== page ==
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question.. what to do with recorded gameplay videos...

LiteEmUp
  • 10 months ago

My current rig: i7 6700k 4.0 gigz( lol i know i havent OC'ed it yet.. but at the moment, i only have a 1080p monitor and games i play doesnt push it to its knees.. so no need to OC at this time) 48gb ddr4 ram (i believe its 2400mhz) msi 980ti gpu adobe premiere element 13 mirallis action (for ingame recorder; i also recall saving recorded videos as mp4) audacity (for seperate adding of ingame commentaries)

so currently my 4tb's of storage drives, i have around 400 gigs left.. and i realized its time to prep them for uploading to youtube..

so my questions are: 1) using the adobe premier elements, what settings do i need to do in prep to uploading to youtube??

2) also i want to minimize the size of files from gb's to mb's, without losing quality.. but still keep the recorded videos for future editing.. what settings do i need to do?

Comments

  • 10 months ago
  • 2 points

when you upload to youtube, they store your video. You could delete on your local drive after uploading.

"1080p looks pretty good in H.264 at 3-4Mbits/sec" ??

youtube offers suggestions

Recommended upload encoding settings

https://support.google.com/youtube/answer/1722171?hl=en

Recommended video bitrates for SDR uploads

1080p 8 Mbps/30 FPS 12 Mbps/60 FPS

  • 10 months ago
  • 1 point

also i want to minimize the size of files from gb's to mb's, without losing quality.. but still keep the recorded videos for future editing.. what settings do i need to do?

MP4 is already compressed. You cannot apply any lossless compression on top of that to reduce the file size drastically.

As Ewhac already mentioned, YouTube will apply their own encoding, so you don't really need to do anything special.

[comment deleted]
  • 9 months ago
  • 1 point

He doesn't need to compress it (just be patient and have a good bandwidth).

Also, he asked for lossless compression. That's not likely there will be a 10% compression ("GBs to MBs") without losing quality.

  • 9 months ago
  • 1 point

so if quality loss is acceptable to lower the file size of a 1hr video from 12gigs to under 1 gig, what settings should i go??

  • 9 months ago
  • 1 point

I am not experienced with video conversion.

I just record my gameplays and upload them occasionally on YouTube. I am not afraid to upload 12 - 20 GB of video. I have one advantage though: I do not do it at home, but take it to the office where I work and upload it there on an enterprise Internet connection, where upload speed is larger by magnitudes.

Maybe you have the same option too: upload your videos somewhere with high upload speed, so it won't take days, not even hours, just a few minutes.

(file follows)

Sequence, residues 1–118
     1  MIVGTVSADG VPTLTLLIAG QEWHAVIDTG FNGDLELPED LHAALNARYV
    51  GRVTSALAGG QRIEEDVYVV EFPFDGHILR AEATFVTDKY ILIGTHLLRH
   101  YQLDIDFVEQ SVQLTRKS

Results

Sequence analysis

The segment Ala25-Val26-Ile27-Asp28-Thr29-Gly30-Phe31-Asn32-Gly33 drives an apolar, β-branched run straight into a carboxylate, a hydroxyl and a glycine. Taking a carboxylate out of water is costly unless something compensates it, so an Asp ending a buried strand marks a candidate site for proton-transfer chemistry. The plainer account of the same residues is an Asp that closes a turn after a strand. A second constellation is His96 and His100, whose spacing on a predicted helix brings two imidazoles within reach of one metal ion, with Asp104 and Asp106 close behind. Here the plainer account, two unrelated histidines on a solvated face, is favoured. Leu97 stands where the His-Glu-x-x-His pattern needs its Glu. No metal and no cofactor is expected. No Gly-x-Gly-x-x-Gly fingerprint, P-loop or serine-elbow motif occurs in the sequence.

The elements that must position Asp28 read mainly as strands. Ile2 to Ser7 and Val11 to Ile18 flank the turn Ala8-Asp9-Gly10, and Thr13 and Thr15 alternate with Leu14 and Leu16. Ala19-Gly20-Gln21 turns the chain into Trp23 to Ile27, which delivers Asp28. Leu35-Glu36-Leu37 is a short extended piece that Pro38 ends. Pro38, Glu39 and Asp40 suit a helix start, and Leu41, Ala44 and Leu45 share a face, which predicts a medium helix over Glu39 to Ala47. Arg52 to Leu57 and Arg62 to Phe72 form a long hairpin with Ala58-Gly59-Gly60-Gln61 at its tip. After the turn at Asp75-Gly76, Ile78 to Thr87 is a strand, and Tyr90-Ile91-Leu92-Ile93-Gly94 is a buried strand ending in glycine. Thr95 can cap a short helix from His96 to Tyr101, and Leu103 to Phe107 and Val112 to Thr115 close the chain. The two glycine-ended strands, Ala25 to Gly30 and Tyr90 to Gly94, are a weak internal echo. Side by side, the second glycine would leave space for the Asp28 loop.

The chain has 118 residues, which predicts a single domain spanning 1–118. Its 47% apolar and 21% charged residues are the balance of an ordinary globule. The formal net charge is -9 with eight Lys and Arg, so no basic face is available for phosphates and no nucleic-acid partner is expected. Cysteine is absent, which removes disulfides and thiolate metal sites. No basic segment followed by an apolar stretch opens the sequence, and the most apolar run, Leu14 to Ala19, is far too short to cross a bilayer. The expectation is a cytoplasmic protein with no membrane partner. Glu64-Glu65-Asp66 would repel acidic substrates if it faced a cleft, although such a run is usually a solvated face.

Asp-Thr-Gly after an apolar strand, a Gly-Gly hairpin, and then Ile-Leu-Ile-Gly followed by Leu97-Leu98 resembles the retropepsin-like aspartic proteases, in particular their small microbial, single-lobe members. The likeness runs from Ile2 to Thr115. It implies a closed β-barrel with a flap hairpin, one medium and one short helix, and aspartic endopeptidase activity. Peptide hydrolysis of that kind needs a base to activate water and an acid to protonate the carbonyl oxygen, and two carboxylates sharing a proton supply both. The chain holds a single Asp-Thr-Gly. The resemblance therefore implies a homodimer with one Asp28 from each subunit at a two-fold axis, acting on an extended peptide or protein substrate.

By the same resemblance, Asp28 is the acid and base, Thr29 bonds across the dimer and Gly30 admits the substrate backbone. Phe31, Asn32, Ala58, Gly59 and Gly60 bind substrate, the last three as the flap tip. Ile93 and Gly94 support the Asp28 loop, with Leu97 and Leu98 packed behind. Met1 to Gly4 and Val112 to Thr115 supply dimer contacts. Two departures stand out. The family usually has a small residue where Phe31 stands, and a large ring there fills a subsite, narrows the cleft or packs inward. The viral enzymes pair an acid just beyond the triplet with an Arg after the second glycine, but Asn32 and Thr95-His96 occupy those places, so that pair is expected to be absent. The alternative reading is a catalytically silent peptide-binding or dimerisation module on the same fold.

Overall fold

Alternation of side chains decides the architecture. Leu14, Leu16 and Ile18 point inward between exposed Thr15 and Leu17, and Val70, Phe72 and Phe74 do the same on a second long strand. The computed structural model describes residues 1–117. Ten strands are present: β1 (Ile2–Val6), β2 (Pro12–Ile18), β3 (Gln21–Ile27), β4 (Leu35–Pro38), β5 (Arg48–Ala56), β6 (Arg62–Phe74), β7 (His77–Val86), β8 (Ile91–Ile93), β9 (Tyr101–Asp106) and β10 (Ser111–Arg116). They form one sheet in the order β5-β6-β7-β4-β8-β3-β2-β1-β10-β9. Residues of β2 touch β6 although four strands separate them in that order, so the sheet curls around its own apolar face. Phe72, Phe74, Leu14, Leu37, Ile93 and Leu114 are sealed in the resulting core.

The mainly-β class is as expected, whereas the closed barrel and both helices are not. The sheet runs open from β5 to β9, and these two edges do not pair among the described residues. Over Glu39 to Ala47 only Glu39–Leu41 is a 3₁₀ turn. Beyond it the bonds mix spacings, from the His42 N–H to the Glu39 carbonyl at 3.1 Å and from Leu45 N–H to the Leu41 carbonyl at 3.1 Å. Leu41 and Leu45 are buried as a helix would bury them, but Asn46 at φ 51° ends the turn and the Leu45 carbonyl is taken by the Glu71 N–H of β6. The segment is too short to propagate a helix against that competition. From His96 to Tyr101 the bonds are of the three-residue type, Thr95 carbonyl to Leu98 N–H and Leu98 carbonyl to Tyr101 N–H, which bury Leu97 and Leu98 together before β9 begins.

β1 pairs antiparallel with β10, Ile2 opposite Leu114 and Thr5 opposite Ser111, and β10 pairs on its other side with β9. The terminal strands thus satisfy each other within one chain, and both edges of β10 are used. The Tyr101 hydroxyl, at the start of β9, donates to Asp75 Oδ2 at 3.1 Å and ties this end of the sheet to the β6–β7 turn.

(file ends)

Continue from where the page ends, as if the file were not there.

As for compression, I can't advise anything apart from searching the Web as I do not apply any extra compression on my videos (and I wouldn't anyway, I want to keep them in high resolution/detail).

  • 9 months ago
  • 1 point

yeah i thought of using my college university's internet to upload to youtube..

my primary concern is storage space, which is why im considering any methods to reduce a 12gig size to as much as possible with not alot of quality loss

around 3tb of recorded gameplay and i want it to be cut in half if possible.. i know its going to get filled soon as im still continuing to record gameplays..

[comment deleted]
  • 9 months ago
  • 1 point

so i guess you can say im out of luck, except buying a large storage space?!?!

with lets play videos, im starting to realize that 1 TB is no longer enough as it can fill up in no time just for 1 game.. add to it alot of games, and it will fill even faster.. i wonder how much gigs lets play videos of youtubers eat up, just for 1 game??

so i was googling and i found a software called Handbrake.. anyone had experience with this??

  • 9 months ago
  • 1 point

Most people use OBS to record gameplay or stream because of how many features it has and how well the program works, best part of it is that it is free. I have Action! myself because I like the feature to loop the last 12 or so minutes and press a key to save the last 12 minutes of video when something happens ingame that I wanted to record. That is a paid program but it does everything OBS can do and has that one extra feature. Though that kind of recording can be hard on your drive as it is always writing and re-writing data so you will need a good scratch disk.

  • 10 months ago
  • -1 points

Get an enormous external drive or NAS to use as your archival/backup drive. Copy all your original footage to it, as well as all your other media assets and editing project files so that, if desired, you can re-construct old videos from original materials.

Depending on the imagery, 1080p looks pretty good in H.264 at 3-4Mbits/sec, but YooToob/Vimeo/Twitch is going to re-encode it, anyway, so I wouldn't worry too much about it. (Do your own experiments at various bitrates and see when you start noticing degraded imagery.)

[comment deleted by staff]
  • 9 months ago
  • 1 point

what margin would you recommend though??

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